enjoy. my mouth is watering. Let us know what you decide. I may repeat the same.
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Old 04-25-2008, 02:32 PM   #17
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On your side of the planet, I believe Wegman's has some choice, tender, dragon loin, in the 3 to 5 pound range, for a reasonable price.
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Old 04-25-2008, 03:57 PM   #18
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When I saw this thread I thought of seafood - as others have said. And have to agree.

One of the foods I missed the most when I lived in the Midwest was seafood. It is hard to get in that neck of the woods.

Agree with clam chowder, would probably go with NE style, although I grew up with the Manhattan version. Some folks might not like clams, could make a fish chowder.

A bouillabaisse always seems a bit more tony than a chowder, but is trickier to make and a bit pricier. But it is a fish stew and you can use what is available.

Crab cakes, arguably the best way to eat crab. But it ain't cheap.

If you want an Italian flair, shrimp fra diavolo, there is little better.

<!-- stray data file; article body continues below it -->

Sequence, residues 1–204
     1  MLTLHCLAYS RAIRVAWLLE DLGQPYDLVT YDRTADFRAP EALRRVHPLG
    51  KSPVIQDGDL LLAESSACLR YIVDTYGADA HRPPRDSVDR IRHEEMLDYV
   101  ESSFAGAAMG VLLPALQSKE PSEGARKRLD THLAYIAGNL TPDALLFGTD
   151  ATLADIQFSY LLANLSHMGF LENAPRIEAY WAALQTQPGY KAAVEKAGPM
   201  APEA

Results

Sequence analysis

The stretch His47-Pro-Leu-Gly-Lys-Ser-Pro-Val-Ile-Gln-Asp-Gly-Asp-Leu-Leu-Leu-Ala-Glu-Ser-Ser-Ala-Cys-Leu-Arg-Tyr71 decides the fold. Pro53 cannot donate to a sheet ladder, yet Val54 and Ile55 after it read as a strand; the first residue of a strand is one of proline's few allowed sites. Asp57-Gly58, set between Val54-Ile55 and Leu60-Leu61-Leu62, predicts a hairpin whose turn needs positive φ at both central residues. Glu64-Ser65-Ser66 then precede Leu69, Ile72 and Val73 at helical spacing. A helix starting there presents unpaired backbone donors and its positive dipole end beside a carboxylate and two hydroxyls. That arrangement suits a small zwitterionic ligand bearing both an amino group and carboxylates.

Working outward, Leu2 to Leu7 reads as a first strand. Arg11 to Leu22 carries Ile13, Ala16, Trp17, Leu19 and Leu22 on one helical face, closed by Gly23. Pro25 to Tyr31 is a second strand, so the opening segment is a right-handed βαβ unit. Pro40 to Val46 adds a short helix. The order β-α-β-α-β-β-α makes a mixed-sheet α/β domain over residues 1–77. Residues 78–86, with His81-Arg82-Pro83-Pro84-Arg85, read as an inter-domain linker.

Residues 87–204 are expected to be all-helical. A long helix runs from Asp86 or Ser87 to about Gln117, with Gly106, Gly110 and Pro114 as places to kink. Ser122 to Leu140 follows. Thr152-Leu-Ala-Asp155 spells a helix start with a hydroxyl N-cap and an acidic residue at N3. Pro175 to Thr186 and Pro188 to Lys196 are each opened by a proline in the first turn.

Don't know what fish are available in your markets, but nothing beats fresh fish.

Bake it, broil it, grill it, it is all great.

Just a few ideas for seafood.
Before criticizing a person, walk a mile in his shoes - then you are a mile away and you have his shoes!
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Old 04-26-2008, 10:38 AM   #19
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pork roll eggplant and blueberries are the only known foods from new jersey
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Old 04-26-2008, 11:32 AM   #20
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The seafood is a great idea. We have great steaks in the Midwest, but as previously mentioned, fresh seafood is rare.
Paella sounds like great idea! All you need to go with it is a crusty bread.

Or how about a seafood boil, with crab, shrimp, smoked sausage, new potatoes and corn on the cob? You can spread newspapers and paper plates out on the picnic table, give everyone dish towels for napkins, and dive in!
So what if your guests don't know how to get into a crab...you can show them how, and they'll have fun learning.

We get by with a little help from our friends